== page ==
Important results

Zhang et al. utilized fluorescent microscopic techniques for monitoring neural activity in the CSDn. The authors found that all the tested odors (with the exception of Ammonia) inhibit activity in the CSDn neurites of the antennal lobe (AL) (as also shown previously by the same group in Zhang & Gaudry, 2016). Although odors inhibited CSDn at the level of AL, the higher level arbors in the lateral horn (LH) showed odor-induced excitation. Thus, for the same stimulus, different neurites of the CSDn show simultaneous inhibition and excitation. Moreover, while all the AL-neurites of CSDn seem to be uniformly inhibited, the LH-neurites showed odor-specific spatially segregated excitation pattern.

I – Reconstruction of a single CSDn from electron microscopy data (From Figure S3A). II – AL and LH neurites of a single GFP-labelled CSDn (white) are pointed out in the Drosophila brain (blue) (From Figure 1A). III – For the same odor stimulus (p-cresol, in this case), AL and LH neurites show different responses (as depicted through a time series of ΔF/F) (From Figure 2E).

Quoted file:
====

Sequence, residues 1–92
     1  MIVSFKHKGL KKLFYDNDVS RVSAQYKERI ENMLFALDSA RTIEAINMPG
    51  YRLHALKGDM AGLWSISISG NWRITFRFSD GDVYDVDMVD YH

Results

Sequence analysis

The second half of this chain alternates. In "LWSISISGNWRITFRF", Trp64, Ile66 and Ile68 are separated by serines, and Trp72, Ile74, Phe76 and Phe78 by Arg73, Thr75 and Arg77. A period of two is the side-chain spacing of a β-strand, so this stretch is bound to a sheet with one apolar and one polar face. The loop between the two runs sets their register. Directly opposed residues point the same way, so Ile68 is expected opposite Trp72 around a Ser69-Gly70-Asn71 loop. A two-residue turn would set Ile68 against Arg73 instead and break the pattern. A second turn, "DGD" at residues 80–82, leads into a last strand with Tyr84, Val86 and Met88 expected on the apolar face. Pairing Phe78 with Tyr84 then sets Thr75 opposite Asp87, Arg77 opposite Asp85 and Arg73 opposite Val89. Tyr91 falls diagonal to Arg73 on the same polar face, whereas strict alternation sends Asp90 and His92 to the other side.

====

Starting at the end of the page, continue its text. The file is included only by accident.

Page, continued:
To determine whether the AL and LH compartment’s physiology is interlinked or independently regulated, they performed simulation experiments by constructing a computer model of CSDn. The model utilized EM reconstructions from the whole fly brain EM dataset (Zheng et al., 2018), and the parameters measured from in vivo electrophysiological recordings of the CSDn. Through simulations, the authors determined that the best fit model predicts preferential propagation of voltage from the AL to the LH. This prediction found support in their in vivo experiment where 2-photon laser-mediated transection of the CSDn connection between the LH and AL showed increased odor-evoked excitation in the now isolated LH neurites. Thus, although spatially segregated neurites are activated or inhibited through their local inputs, the local voltage changes do have a role in shaping the final output of distant neurites. Such influence on distant neurites are influenced by the geometry of the neuron, that favours one direction of voltage propagation over the other.

Why I chose this preprint